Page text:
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Calcium to Phosphorus Ratio

When it comes to the feeding raw,  calcium to phosphorus balance is essential to the development and maintenance of a strong and healthy skeletal structure. There are a few guidelines you need to follow, but the most important one is balancing the minerals calcium and phosphorus in your dog’s diet.


Meat, especially organ meat such as brain and liver are very high in phosphorus. Some fish like sardines and salmon are high in phosphorus as well. The main function of phosphorus is in forming bones and teeth.

It plays an important role in the body’s use of fat as well as in synthesizing protein for the growth, maintenance and repair of cells and tissues.

Phosphorus is also crucial for the production of ATP, a molecule the body uses to store energy. Phosphorus works with B vitamins. It also helps with muscle contraction, kidney function, heartbeat regularity and nerve conduction.


Bone is high in calcium and in phosporus. According to Dr Ian Billinghurst (author of Give Your Dog a Bone and other well known books on canine nutrition), calcium’s role goes far beyond bone mineralization. Calcium is essential for neuromuscular, cardiovascular, immune and endocrine function. It’s vital for blood clotting.  Calcium forms the skeletal structure or cytoskeleton within each cell, and every cell in the body depends on calcium to support enzyme functions, bodily signalling and to maintain cell membrane stability.

Dogs need a balance between the amount of phosphorus and calcium they get in their daily diets.

The ratio of calcium to phosphorus should be about 1:1, but preferably with slightly more calcium than phosphorus.

This is especially important in young, growing dogs, who need an adequate supply of raw meaty bones in their diet to provide a good balance of calcium and phosphorus. Feeding all-meat diets (which are are high in phosphorus and low in calcium) to young pups can cause skeletal problems.

According to the Merck Veterinary Manual, insufficient calcium or excess phosphorus can lower calcium absorption and result in irritability, hyperesthesia (oversensitivity to sensory stimuli), and loss of muscle tone. Calcium deficiency can also cause skeletal demineralization, particularly of the pelvis and vertebrae. Excess calcium can also interfere with normal healthy bone mineralization and growth, especially in young (under 1 year old) large and giant breed dogs. Large breeds fed excess calcium are more likely to suffer from developmental bone disease such as osteochondrosis (abnormal bone growth).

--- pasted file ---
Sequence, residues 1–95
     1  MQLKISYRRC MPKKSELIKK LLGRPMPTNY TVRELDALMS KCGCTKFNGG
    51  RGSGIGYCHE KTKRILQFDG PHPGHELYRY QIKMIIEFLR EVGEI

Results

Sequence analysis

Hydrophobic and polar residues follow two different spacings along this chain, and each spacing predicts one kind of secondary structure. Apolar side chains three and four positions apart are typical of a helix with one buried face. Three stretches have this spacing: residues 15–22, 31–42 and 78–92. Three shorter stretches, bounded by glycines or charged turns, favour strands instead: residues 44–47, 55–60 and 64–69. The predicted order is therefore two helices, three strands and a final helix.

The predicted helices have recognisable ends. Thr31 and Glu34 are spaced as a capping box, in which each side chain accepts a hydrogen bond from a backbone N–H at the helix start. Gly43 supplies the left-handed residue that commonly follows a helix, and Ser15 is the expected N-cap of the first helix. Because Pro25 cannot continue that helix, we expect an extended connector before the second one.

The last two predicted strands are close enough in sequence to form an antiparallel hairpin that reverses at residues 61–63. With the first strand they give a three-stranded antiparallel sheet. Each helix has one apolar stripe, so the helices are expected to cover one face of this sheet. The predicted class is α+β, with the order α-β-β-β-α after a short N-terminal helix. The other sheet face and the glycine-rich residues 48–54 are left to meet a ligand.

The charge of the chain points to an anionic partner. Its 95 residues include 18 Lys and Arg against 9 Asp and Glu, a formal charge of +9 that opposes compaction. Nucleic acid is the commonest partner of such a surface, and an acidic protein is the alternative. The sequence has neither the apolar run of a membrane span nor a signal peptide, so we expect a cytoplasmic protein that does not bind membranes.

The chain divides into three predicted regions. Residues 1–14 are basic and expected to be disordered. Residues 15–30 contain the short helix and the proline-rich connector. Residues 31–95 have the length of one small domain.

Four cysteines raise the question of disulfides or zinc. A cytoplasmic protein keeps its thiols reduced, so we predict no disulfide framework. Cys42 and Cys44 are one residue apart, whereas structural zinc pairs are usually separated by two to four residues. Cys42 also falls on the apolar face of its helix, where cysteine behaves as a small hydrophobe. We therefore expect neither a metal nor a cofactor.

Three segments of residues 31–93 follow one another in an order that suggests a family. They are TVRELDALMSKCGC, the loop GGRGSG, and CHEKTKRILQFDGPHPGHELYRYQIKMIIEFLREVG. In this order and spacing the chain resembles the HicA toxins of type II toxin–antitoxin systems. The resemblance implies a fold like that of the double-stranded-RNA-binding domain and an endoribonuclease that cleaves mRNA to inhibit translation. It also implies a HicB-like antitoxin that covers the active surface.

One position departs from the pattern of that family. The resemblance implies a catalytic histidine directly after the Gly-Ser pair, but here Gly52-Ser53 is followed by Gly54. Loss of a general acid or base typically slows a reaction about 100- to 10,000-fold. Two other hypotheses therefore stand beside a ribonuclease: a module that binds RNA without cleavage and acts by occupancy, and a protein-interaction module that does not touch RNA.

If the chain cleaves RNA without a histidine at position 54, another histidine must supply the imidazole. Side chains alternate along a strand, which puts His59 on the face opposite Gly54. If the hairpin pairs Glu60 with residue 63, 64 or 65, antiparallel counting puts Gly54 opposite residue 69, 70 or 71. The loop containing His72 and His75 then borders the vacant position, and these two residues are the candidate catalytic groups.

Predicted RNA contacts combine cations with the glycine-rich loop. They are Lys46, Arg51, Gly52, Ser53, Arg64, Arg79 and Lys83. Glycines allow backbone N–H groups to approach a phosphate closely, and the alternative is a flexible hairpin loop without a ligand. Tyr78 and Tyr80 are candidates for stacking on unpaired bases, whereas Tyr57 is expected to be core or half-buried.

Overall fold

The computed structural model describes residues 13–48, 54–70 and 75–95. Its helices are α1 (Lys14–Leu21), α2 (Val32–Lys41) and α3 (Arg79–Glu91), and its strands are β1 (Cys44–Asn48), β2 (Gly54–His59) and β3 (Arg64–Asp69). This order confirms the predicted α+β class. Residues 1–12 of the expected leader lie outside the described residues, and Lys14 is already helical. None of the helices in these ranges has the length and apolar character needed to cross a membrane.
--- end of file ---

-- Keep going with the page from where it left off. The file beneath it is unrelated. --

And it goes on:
Balancing The Calcium:Phosphorus Ratio

It might seem daunting to calculate the calcium:phosphorus ratio in a home prepared raw diet for your dog  … but it’s really not that complicated. Bones are a safe source of dietary calcium and if dogs eat enough of them, the diet will be balanced without a lot of difficult calculations.

Dr Billinghurst explains:

Approximate biological balance is achieved so long as meat alone is not the principal dietary component. That job must be left to the raw meaty bones (RMBs). When a young and growing dog eats RMBs, if the bone to meat ratio of those RMBs is around 1:1, then the balance of calcium to phosphorus is appropriate for bone mineralization and formation.

Dr Billinghurst also says that adult dogs need less calcium and, as long as you’re feeding a raw diet with raw meaty bones, the adult dog’s body will absorb the calcium it needs and leave what it doesn’t in the intestines.

Overall, balancing calcium and phosphorus isn’t all that difficult, as long as dogs receive plenty of bone. In general, any bone content over 10% is plenty.

When sourcing bones for your dog’s diet, it’s a good idea to know the approximate amount of bone in commonly sourced foods. Here is a quick guide Feeding RMB's 

Source Material via Dogs Naturally

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